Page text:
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Biometric immigrant tracking proposals could boost GEO, CoreCivic, or evaporate

Biometric immigrant tracking proposals could boost GEO, CoreCivic, or evaporate

A request for information published by the U.S. federal government has raised the profile of biometric surveillance of undocumented immigrants, but neither the monitoring nor the private-prison industries appear to think much will come of it soon.

In public statements, two major industry players are submitting information for the August request, and they both sound like they would compete hammer and tongs for it.

Yet one of the companies, CoreCivic, seems to have dedicated no real estate on its site to biometric products it makes or uses.

In fact, it is not obvious what electronics it is using when it comes to would-be immigrants who the government judge safe and reliable enough to set free until their cases are decided. And very little of the site hints at CoreCivic‘s appetite for immigration contracts generally.

During an analysts call during the fourth quarter executives were putting no stakes in the ground when it came to fitting people with biometrics.

It was all: Immigration and Customs Enforcement is still figuring things out. The timing’s not definitive. Kind of a 2025 opportunity.

The other firm, GEO Group, is aggressively developing monitoring and surveilling capabilities and finds itself the focus of several recent news stories about what it put in the field.

Even so, in discussing their third-quarter financial performance with industry analysts, executives were cautious about the upside of another immigration contract.

Both firms, which make up the majority of the federal-private prison market, have housed tens of thousands of undocumented people.

Programs like the Alternatives to Detention have been around for 20 years and began with promises to show up at hearings. Today, people can be shackled with a locked GPS bracelet, mobile phones and even watches, which are supplied by GEO Group subsidiary BI Incorporated.

The phones and watches use facial recognition algorithms to make sure the right person is where the devices’ signals are showing up on a map.

An appropriations bill for the Department of Homeland Security that has passed the House of Representatives would apply Alternatives to Detention monitoring with GPS devices to all 5.7 million immigrants awaiting court cases. The proposal has stalled in the Senate, however.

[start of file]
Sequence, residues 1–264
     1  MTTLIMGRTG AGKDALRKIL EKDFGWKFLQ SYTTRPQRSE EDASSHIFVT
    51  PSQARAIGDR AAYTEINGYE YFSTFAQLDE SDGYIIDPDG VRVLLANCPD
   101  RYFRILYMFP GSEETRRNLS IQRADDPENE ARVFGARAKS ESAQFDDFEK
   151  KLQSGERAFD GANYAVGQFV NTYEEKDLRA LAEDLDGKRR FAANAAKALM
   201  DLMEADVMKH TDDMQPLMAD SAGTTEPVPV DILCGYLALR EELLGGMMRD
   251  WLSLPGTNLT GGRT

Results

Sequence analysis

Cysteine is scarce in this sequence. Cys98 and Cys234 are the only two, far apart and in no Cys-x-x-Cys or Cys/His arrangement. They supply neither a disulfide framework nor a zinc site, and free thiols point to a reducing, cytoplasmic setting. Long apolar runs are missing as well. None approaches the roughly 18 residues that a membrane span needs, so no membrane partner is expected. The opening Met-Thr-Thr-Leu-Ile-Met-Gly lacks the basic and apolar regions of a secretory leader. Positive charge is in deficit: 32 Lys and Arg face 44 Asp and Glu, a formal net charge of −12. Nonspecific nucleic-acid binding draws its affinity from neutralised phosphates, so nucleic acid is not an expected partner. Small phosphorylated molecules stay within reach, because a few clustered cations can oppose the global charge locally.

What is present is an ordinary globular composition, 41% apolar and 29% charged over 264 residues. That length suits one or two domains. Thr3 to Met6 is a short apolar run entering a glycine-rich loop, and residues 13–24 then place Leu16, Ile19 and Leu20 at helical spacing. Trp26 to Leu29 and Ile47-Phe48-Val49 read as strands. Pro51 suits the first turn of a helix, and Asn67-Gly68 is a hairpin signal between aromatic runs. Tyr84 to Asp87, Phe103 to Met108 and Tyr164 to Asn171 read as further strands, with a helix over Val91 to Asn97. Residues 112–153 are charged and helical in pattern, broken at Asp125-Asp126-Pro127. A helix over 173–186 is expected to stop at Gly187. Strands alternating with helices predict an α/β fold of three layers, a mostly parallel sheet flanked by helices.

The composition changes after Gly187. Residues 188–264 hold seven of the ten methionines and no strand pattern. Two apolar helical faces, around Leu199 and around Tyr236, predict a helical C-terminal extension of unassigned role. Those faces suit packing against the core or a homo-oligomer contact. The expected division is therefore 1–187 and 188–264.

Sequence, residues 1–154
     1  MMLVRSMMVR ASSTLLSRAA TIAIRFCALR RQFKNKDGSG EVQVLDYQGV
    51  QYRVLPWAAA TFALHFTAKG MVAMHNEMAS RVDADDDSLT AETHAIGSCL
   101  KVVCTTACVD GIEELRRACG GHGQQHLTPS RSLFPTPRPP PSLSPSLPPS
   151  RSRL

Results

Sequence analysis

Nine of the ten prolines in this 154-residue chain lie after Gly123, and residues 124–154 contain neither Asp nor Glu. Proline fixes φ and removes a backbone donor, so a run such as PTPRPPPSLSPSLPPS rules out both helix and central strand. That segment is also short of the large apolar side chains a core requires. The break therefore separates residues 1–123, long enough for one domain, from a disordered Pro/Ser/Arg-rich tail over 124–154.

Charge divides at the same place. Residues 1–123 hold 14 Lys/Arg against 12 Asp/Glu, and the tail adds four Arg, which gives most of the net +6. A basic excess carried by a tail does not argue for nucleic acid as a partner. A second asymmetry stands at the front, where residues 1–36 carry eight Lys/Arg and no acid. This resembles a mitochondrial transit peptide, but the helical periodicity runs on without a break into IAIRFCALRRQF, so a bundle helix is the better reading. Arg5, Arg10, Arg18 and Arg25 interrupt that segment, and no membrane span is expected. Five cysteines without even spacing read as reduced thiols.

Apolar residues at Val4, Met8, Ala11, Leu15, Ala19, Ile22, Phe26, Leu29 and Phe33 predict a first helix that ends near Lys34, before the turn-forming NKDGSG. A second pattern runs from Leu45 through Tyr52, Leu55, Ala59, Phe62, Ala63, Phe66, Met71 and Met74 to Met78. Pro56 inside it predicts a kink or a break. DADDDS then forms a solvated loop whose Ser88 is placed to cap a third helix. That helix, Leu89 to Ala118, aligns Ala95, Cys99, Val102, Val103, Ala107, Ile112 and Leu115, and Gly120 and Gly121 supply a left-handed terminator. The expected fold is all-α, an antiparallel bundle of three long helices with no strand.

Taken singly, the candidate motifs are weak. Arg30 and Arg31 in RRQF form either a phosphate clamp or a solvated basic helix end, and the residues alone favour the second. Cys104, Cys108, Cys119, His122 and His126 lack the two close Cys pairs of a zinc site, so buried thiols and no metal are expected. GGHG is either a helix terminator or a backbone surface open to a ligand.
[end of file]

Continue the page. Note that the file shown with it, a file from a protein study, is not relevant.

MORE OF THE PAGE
Both companies note that it’s an RFI being discussed, not a request for proposal. There’s plenty of time for the idea to evaporate.

Also, federal spending has been used for scoring political points for so long now, the brinksmanship has reached another razor-sharp edge. The budget is an ephemeral concept.

Worse, House of Representative Republicans do not want to give the Democratic-held White House a victory of any kind.

More concrete, executives say the population of people eligible for a detention alternative has plateaued recently. Both GEO and CoreCivics are heavy with debt and given the choice to focus on what they know – prisons – and a new, small market that’s not growing, it’s likely that shareholders will favor the latter.

One investor on GEO’s call, however, noted that contracts for immigrant monitoring can return margins of near 50 percent, and that the changes could potentially give earnings a significant boost.

GEO executives have said they’ve been able to offset declines in their electronic monitoring and supervision services segment throughout 2023 with growth and revenue from other segments.

They are expecting enrollment in ICE’s Intensive Supervision Appearance Program, which manages remote biometric systems among asylum seekers to remain flat or even soften.

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